Wirral accountant stole from soldiers' funeral fund to pay for £1,000-a-night escorts (From Wirral Globe)
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Wirral accountant stole from soldiers' funeral fund to pay for £1,000-a-night escorts
Updated 3:43pm Thursday 23rd January 2014 in News
A HESWALL accountant stole from the funeral fund of soldiers risking their lives in Afghanistan to pay for £1,000-a-night prostitutes.
Captain Simon Mercer, 49, from Milner Road, took £21,000 raised from the sale of a rare painting recovered from the Royal Engineers' barracks.
The sappers organise bomb disposal teams and use the cash for training exercises and funeral expenses.
Mercer sobbed in court as he admitted “stealing from the boys in the regiment” and was jailed for 16 months.
Prosecutor Peter Zinner told Southwark Crown Court: “The Crown's case is that he stole £21,350 from The Royal Engineers Regiment of the British Army.”
Mercer earlier worked for the regular Army Pay Corps at Wimbish base, Saffron Walden, Essex, and had “significant understanding of accounting procedures.”
“Senior officers prior to 2009 had found within their Territorial Army accommodation at Catford, an extremely valuable painting,” Mr Zinner added.
“The painting is by Jasper Cropsey and was composed in 1862.
“The painting was sold in 2009 for £1.5m. and is now estimated to be worth £4.95m.
“It was in fact bought by a Microsoft executive.”
The artwork is a landscape by Cropsey titled 'Richmond Hill in the Summer of 1862'.
The money raised was invested in a “high interest investment account”, named 'The Richmond Hill Trust Fund' in tribute to the artist.
The fund yielded around £40,000 a year which was used by the regiment for trips, training exercises and emergency loans to allow Commonwealth soldiers to attend funerals at home, Mr Zinner said.
“The fund generated by that picture was of financial and emotional significance to the regiment,” said Mr Zinner.
“When the Territorial Army and the regular Army merger took place, so did their bank accounts.
“Mr Mercer was directed to close the Territorial Army and direct the interest payments to a central account.
'He did not do that. It was from that account that cheques were unlawfully written, to the amount written in the charge.”
By 2013, auditors realised that the account remained active and Mercer was arrested.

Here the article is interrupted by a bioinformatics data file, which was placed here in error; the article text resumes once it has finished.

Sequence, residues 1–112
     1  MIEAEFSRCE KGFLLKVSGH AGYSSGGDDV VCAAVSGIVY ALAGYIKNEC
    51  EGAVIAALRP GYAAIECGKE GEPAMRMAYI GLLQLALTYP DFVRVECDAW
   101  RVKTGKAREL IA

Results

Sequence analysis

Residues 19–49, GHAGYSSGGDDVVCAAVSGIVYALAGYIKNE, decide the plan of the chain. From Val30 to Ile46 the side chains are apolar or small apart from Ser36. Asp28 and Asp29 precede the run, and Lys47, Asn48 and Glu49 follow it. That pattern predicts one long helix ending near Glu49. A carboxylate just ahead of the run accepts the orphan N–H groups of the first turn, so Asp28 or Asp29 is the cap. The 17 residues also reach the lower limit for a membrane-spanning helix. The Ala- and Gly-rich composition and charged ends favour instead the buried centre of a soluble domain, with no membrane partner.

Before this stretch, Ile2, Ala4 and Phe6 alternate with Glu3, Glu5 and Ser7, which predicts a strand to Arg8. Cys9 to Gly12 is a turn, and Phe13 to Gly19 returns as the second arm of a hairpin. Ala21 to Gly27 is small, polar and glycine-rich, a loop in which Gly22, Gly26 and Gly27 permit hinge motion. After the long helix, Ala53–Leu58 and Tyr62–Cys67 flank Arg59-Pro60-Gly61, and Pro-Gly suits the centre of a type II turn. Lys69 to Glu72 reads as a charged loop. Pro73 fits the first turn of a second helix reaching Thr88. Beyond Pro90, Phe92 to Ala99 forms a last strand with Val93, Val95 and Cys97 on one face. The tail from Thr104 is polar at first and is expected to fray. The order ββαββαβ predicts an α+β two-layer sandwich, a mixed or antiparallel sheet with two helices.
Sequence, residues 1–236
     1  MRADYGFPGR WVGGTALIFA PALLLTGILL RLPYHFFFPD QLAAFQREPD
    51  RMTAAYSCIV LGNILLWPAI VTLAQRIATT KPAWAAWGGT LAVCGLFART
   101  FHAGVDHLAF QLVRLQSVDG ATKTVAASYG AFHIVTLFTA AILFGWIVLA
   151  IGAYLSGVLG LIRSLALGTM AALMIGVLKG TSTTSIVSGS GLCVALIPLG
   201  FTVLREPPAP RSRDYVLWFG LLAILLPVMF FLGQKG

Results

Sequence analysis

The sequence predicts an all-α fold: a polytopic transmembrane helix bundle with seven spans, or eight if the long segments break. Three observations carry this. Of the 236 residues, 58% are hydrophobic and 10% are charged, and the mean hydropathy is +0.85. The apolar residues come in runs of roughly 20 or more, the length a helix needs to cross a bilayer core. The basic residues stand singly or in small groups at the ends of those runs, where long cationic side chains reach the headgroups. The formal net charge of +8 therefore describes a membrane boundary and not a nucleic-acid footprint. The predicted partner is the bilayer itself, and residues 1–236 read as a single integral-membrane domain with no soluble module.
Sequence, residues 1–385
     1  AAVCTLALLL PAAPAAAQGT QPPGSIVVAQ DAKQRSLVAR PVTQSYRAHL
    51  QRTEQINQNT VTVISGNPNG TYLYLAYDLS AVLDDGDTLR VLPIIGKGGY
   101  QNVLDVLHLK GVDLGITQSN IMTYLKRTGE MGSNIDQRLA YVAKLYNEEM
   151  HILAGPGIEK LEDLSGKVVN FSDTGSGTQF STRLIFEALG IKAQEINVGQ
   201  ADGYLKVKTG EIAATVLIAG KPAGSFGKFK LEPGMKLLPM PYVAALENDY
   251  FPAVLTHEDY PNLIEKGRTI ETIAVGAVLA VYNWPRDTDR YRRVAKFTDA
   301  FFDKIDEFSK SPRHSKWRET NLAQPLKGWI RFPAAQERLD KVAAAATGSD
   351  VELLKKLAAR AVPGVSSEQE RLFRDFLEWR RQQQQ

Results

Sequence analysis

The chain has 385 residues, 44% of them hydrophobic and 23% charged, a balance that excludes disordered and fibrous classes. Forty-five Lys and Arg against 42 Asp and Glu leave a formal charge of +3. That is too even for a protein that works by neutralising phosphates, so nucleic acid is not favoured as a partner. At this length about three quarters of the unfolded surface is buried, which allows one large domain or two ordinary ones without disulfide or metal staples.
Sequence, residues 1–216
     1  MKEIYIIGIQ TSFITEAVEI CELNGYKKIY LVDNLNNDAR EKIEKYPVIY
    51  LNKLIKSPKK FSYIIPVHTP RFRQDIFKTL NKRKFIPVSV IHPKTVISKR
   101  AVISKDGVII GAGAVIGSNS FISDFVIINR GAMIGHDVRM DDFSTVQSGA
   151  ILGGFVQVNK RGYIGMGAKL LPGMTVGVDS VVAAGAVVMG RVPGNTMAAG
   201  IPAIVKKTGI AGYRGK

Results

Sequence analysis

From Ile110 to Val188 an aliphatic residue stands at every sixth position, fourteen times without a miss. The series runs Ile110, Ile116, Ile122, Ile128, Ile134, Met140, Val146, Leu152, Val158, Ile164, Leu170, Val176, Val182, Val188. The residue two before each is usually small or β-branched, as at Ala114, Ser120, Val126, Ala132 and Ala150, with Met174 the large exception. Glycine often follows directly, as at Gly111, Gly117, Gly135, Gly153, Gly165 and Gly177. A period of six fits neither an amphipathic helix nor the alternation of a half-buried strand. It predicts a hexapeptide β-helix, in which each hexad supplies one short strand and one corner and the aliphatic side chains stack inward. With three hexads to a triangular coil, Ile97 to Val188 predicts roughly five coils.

Mercer admitted the crime saying “he had succumbed to temptation” and said he felt he was “stealing from the boys of the regiment.”
“He volunteered he had spent the money predominantly on prostitutes, escorts and hotel rooms,” Mr Zinner added.
Although prostitutes normally cost around £100, he could spend “up to £1,000 on more high class escorts.”
“He stole the money while heavily intoxicated. But he knew the consequence would be 'the boys would go short'.”
Mr Zinner added: “The Royal Engineers are predominantly involved in explosive ordinance disposal.
“Many of their main roles are on the front line in Afghanistan and they are exposed to harm on a day-to-day basis.
“Bomb disposal personnel from Afghanistan have suffered significant loss of life and limb during the current campaign.”
Julian Young, defending said: “How said it is to see a man of 28 years’ service appear in the Crown Court.
“He has served in Northern Ireland, Cyprus and Kosovo.
“There is an ability now to repay the compensation,” Mr Young said, accepting that a custodial sentence was inevitable.
Mercer fought back the tears in the dock as his family and former colleagues watched on sadly from the public gallery.
Sentencing him, Judge Alistair McCreath said: “You utterly recognise that this is for you and for many who are close to you a very sad day indeed.
“This money that you spent was intended to support soldiers and the money you stole you used for your own physical pleasure, namely by spending it on sex workers.”
“I recognise also that you are remorseful”, the judge added, noting “voluminous” references he had received from friends and colleagues.
Mercer, of Milner Road, Heswall, admitted stealing £21,350 from The Royal Engineers regiment.
The export of the painting was blocked and the artwork has had to stay in the London home of the Microsoft executive.